The 1912 Bates Monoplane was built by Carl S. Bates at Cicero Field near Chicago. Bates was a farm boy from Clear Lake, Iowa, who became interested in flying at an early age. He was only 14 when he constructed a man-carrying kite in 1898. In 1903, he moved to Chicago to attend the Armour Institute of Technology and there came under the guidance of the famous aeronautical pioneer Octave Chanute.
Bates constructed his first airplane in 1908, patterned after the early Curtiss biplanes. He also built aircraft motors and gained a reputation for their lightness and reliability.
In 1911, he is credited with a monoplane of original design, powered with a Bates 30 hp motor. The airplane in the museum is a redesign of that aircraft. The Bates Monoplane is of unusual design. The fore part of the fuselage is of wood, while the structure back of the cockpit is of steel tubing, oval in cross section. It has been described as a hybrid along the lines of the Nieuport, with a “pigeon-tail” empennage and a generous rudder. As displayed in the museum, the aircraft has a Poyer engine.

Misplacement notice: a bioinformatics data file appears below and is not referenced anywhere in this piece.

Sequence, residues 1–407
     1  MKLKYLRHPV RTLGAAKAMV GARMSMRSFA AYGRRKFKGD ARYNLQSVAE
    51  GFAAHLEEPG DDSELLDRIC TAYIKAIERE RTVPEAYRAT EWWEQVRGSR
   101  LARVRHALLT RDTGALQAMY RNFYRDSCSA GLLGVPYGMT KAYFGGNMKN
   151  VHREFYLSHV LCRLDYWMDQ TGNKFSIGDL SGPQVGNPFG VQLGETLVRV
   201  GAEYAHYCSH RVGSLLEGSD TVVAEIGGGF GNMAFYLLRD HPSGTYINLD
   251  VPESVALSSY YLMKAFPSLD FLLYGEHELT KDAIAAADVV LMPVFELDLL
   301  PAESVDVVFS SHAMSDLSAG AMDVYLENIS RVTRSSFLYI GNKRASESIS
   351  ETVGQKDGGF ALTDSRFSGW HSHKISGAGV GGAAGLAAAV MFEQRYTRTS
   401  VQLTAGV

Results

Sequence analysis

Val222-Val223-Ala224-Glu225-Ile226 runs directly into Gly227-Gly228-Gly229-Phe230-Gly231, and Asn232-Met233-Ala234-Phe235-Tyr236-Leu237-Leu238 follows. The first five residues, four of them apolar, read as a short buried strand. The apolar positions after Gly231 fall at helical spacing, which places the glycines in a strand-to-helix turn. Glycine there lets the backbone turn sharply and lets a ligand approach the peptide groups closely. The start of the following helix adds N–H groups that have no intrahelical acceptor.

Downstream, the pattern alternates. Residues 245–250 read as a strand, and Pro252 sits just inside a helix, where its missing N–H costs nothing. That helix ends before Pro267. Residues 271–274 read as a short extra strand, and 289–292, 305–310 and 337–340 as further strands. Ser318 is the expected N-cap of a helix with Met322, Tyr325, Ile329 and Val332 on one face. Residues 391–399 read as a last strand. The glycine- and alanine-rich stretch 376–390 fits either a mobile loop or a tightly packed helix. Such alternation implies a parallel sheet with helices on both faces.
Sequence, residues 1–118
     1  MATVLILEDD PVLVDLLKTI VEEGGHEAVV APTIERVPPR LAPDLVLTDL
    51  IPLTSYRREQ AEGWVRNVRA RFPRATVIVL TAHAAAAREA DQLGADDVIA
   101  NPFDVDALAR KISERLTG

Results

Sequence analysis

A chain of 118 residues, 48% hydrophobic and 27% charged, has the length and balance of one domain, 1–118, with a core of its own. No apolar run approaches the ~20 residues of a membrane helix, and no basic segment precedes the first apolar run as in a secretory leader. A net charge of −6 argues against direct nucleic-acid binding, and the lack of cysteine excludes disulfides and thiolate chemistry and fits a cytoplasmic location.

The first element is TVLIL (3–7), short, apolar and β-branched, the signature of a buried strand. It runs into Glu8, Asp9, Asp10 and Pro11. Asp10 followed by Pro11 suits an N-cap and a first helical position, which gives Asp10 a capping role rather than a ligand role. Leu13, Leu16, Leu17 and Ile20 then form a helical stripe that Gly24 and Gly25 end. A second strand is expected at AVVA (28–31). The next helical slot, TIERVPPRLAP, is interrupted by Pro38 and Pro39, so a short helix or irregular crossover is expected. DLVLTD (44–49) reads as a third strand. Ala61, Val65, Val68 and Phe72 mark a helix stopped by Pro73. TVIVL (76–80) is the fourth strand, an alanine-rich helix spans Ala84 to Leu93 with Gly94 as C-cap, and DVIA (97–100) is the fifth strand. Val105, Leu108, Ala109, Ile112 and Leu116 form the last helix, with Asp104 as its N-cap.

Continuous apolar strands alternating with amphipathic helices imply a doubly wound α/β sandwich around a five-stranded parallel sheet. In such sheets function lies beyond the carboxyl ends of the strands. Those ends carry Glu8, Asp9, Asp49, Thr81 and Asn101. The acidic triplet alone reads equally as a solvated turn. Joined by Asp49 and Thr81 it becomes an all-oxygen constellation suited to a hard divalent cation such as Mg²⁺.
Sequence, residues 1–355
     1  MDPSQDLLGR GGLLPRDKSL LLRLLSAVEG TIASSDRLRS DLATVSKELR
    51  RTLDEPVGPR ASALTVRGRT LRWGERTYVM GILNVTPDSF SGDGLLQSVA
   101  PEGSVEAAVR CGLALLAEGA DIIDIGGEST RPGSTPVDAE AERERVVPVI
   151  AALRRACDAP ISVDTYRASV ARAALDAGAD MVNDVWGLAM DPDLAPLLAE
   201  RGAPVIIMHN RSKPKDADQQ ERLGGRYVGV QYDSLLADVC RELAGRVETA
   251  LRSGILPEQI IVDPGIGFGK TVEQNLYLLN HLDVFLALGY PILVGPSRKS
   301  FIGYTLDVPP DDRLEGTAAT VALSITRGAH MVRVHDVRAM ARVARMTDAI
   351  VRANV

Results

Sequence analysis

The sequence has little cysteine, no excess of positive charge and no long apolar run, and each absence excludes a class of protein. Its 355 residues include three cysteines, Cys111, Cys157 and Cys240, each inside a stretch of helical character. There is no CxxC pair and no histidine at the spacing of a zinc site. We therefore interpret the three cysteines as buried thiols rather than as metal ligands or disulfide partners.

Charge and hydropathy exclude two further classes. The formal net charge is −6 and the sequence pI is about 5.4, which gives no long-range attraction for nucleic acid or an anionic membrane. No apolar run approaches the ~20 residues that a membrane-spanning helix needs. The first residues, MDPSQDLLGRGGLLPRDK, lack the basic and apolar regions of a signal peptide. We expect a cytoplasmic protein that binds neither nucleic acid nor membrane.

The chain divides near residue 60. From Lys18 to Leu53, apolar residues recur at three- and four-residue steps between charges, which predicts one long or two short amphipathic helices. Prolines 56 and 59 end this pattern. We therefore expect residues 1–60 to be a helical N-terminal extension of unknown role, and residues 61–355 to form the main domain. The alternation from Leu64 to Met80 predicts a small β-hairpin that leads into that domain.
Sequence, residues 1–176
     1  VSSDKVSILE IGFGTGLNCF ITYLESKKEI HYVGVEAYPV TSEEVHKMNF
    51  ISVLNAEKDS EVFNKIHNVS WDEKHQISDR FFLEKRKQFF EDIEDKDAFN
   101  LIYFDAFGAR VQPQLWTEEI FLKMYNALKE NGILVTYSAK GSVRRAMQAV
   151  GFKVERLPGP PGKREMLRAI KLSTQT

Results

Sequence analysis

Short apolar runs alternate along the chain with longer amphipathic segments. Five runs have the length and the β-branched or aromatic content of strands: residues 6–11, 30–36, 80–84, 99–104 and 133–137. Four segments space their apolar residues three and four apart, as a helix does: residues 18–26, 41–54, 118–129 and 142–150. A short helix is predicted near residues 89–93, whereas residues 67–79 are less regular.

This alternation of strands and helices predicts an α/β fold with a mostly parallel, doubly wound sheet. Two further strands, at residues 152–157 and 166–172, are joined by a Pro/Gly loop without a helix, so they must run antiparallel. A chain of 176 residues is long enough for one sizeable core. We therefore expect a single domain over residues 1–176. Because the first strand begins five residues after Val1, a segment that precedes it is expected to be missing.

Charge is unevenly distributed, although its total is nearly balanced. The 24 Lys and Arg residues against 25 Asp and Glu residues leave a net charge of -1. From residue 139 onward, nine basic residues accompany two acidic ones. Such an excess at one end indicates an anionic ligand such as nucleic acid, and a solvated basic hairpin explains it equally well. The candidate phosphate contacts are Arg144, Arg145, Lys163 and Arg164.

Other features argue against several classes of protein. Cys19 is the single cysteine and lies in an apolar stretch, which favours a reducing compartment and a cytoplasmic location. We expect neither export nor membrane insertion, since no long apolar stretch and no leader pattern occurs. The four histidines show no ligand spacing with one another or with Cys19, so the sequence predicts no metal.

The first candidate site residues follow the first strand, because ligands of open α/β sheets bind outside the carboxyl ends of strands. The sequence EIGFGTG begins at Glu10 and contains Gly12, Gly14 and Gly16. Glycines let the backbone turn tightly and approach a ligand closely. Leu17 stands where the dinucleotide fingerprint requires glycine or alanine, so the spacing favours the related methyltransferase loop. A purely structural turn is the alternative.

Walter Kutz of Skokie, Illinois, who later moved to Waterford, Wisconsin, purchased the aircraft in 1918. He stored the aircraft in a barn, but never flew it. In 1957, Leon Tefft, an EAA member, restored the aircraft for Kutz. After Mr. Kutz died, his family decided to loan the airplane to EAA for display in the AirVenture Museum.